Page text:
Next stop was our accommodations for the evening – Old Kinderhook ( If you are looking for quality in the way of lodging, golf, fishing and dining options, this facility was top notch. The golf course is ranked second in the state and our fishing guide was none other than Casey Scanlon, a Bassmaster Elite Series Pro who lives on the lake. If you want to treat yourself to something special, this place was amazing – really! After checking in, we enjoyed one of the best meals we’ve had in a long, long time in the Trophy Room – fine dining at its best. Accolades came pouring out after that meal from all four of us.

Old Kinderhook offers quality lodging, golf, fishing and dining options, this facility was top notch, so was our 2016 Tahoe LTZ.

Bright and early the next morning, Scanlon picked Joe and me up at sunrise to fish the lake. This is his home waters and he won the Bassmaster Open on nearby Table Rock Lake a few years ago. Originally from Kansas City, he’s been fishing the Elite Series for five years now. In fact, he had just returned from the Elite Series event on Cayuga Lake in New York in June – just a couple hours from where I live.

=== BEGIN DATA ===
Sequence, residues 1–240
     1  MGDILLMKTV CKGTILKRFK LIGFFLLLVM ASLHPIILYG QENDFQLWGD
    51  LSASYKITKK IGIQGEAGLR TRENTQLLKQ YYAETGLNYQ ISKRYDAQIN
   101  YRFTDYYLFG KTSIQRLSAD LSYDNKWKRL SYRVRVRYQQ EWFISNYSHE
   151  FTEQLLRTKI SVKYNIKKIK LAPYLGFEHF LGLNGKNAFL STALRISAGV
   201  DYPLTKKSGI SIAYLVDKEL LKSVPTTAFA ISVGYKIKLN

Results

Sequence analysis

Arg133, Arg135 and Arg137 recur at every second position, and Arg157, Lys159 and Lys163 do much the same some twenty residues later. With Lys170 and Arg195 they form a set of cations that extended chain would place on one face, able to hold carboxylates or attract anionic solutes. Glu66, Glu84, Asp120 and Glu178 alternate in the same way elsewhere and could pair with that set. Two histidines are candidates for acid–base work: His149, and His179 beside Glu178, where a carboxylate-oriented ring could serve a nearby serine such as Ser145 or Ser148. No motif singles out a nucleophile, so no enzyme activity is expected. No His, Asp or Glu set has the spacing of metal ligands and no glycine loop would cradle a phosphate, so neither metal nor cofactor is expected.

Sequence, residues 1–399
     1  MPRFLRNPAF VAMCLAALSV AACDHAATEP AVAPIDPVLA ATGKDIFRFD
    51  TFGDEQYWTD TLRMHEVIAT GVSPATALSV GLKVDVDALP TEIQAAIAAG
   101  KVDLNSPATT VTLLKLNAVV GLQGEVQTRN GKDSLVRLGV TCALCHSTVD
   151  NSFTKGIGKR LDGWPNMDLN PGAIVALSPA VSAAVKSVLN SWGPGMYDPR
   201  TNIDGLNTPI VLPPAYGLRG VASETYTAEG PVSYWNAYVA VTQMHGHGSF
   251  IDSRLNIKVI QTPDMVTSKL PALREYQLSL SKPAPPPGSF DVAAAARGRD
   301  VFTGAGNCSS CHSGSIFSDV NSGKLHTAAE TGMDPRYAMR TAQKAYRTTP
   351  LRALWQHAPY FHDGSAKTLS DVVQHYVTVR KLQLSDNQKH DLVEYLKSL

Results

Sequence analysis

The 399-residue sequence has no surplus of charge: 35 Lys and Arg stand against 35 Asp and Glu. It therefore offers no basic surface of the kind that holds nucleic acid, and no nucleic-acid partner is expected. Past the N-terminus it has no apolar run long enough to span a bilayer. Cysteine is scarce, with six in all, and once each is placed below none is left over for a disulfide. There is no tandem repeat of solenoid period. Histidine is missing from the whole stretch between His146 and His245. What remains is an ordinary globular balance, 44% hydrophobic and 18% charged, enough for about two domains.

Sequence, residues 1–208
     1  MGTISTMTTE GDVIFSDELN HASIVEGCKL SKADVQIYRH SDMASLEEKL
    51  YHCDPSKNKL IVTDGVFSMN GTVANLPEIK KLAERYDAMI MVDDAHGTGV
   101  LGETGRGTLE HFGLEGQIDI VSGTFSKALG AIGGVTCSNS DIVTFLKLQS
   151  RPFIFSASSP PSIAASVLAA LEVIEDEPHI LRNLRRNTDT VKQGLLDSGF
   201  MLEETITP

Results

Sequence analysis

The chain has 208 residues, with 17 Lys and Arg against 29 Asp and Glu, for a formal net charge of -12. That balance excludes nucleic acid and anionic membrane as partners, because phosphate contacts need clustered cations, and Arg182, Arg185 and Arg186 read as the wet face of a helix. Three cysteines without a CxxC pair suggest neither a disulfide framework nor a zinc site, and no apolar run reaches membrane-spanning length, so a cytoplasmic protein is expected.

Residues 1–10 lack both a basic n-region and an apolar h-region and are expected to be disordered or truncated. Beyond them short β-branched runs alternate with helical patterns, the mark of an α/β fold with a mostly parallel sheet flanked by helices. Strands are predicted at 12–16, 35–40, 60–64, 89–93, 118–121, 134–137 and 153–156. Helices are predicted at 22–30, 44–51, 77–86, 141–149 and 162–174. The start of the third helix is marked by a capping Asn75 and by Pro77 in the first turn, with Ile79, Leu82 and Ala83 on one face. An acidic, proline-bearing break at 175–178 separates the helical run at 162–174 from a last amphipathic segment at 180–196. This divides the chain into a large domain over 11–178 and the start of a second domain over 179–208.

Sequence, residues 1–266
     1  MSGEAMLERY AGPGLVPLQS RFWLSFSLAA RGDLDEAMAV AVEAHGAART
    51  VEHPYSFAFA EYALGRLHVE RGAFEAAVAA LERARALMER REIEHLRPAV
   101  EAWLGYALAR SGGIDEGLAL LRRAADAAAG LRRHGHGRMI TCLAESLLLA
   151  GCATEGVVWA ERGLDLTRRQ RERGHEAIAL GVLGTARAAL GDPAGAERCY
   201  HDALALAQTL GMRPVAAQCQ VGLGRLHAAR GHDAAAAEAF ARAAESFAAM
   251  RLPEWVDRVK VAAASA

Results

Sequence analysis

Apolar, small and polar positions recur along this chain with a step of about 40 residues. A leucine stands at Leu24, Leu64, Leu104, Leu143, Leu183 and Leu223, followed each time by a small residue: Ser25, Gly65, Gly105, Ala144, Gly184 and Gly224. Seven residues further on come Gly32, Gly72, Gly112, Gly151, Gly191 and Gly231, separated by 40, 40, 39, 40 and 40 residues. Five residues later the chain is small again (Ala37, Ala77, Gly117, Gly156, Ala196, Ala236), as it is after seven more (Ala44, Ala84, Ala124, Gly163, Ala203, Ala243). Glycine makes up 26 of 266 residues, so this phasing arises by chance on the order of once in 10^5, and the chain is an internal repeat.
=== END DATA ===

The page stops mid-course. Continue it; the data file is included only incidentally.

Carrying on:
BASS Elite Angler Casey Scanlon with a nice bass from Lake of the Ozarks.

“This is a great body of water to fish,” said Scanlon, as he reeled in his first fish, a largemouth, just five minutes into the trip. For this time of year, large rubber worms on a jig head was a favorite enticement. “The lake is over 90 miles long, great for largemouth and spotted bass. My favorite time is November and December when spinnerbaits and top waters work the best. April and May is also excellent when suspended jerk baits will dominate as a favorite technique. To give you an idea about how this lake fishes, it consistently takes 20 pounds or more per day to win a tournament here. There are lots of three and four pounders here and you can catch fish up to and over 10 pounds. In fact, two 10 pounders have been weighed in already this year. Fishing has really been great this season because of the added water flow coming through the system due to the heavy rains earlier.”